Prognosis of Crimean-congo hemorrhagic fever patients and our experience at PIMS hospital
Up to 30% of patients die from Crimean-Congo hemorrhagic fever. In our experience at PIMS hospital, diagnosis of CCHF was like a death sentence to the patient, since survival rate remained less than 10% in the past. The poor survival rates could be attributed to late arrivals and referrals, late diagnosis, hospital-acquired infections and comorbid illnesses. In the last few years, the survival rate has improved to more than 90%. These high survival rates have been achieved with the use of high dose methylprednisolone for 3 – 5 days along with ribavirin.
Controlling the spread of infection.
Patients with suspected or confirmed Crimean-Congo hemorrhagic fever should be treated in the isolation rooms. Contact precautions include appropriate personal protective equipment such as a gown. Gloves, mask and eyes and face protection. An N95 mask is having a good aerosol protection.
Managment of exposed individuals.
1. Immediately wash the affected skin surface with soap and water.
2. The mucous membranes such as conjunctiva should be irrigated with a copious amount of water.
3. Exposed person should be medically evaluated. Exposed individuals including healthcare workers with high-grade fever should be admitted and treated as a case of Crimean-Congo hemorrhagic fever. Monitoring temperature, vital signs and urine output, platelets and coagulation profile should be a routine in these patients.
4. Exposed individuals including healthcare workers who are otherwise asymptomatic should be isolated and post-exposure prophylaxis should be immediately started in the high-risk groups.
5. Contact tracing and follow up of family, friends, and co-workers and other patients who may have been exposed to the virus through close contact with the infected health workers is essential.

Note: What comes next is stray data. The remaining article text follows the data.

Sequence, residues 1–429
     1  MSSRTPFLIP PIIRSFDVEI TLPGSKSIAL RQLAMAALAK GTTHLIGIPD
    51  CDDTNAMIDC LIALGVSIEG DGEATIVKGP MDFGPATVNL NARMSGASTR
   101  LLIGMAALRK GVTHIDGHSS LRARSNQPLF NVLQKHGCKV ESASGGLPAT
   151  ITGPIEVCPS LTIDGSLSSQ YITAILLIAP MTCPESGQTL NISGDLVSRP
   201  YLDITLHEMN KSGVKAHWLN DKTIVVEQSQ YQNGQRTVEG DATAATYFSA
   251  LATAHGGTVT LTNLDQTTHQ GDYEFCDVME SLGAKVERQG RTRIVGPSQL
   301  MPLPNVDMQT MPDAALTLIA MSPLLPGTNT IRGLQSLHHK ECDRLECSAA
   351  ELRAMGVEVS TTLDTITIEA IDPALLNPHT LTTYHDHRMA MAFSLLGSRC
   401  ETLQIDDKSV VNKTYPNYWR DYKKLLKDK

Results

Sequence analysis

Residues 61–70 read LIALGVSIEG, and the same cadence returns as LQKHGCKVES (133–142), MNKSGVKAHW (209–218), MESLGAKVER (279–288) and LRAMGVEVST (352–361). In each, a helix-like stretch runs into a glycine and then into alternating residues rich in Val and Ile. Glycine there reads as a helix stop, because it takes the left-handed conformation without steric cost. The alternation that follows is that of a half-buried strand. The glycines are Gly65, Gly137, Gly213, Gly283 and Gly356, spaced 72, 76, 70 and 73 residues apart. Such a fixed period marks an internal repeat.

High-risk individuals who require post-exposure prophylaxis
Post-exposure prophylaxis should be considered for those exposed to Lassa fever or Crimean-Congo hemorrhagic fever. This should be limited to high-risk close contacts of the patient and laboratory and health care workers. High-risk exposure is defined as any one of the following;
- Penetration of the skin by a contaminated sharp instrument.
- Exposure of mucous membrane or broken skin to blood or bodily secretions.
- Participation in the emergency procedure without appropriate personal protective equipment.
- Prolong and continuous contact in a closed space with an infected person without appropriate personal protective equipment.
Prophylaxis dose of ribavirin should be used in all these high-risk patients.
The recommended dose of oral ribavirin is
35 mg/kg loading dose with a maximum of 2.5 gm followed by
15 mg/kg with a maximum of 1 gm every 8 hours for 10 days.
Prevention from acquiring CCHF
1. Avoid tick exposure and avoiding contact with animals body fluids.
2. The use of 20 to 30 % N, N-diethyl-m-toluamide repellant for skin provides some protection and permethrin treated clothes also help to prevent tick bites.
3. Grassy areas should be avoided in warm season when ticks are most active.
4. Ticks should not be handled with bare hands and should be crushed or squeezed.
5. Skin and especially clothes should be examined for ticks.
6. Restricted areas should be established for slaughtering and butchers should be educated to take preventive measures.
7. No FDA approved vaccine is currently available.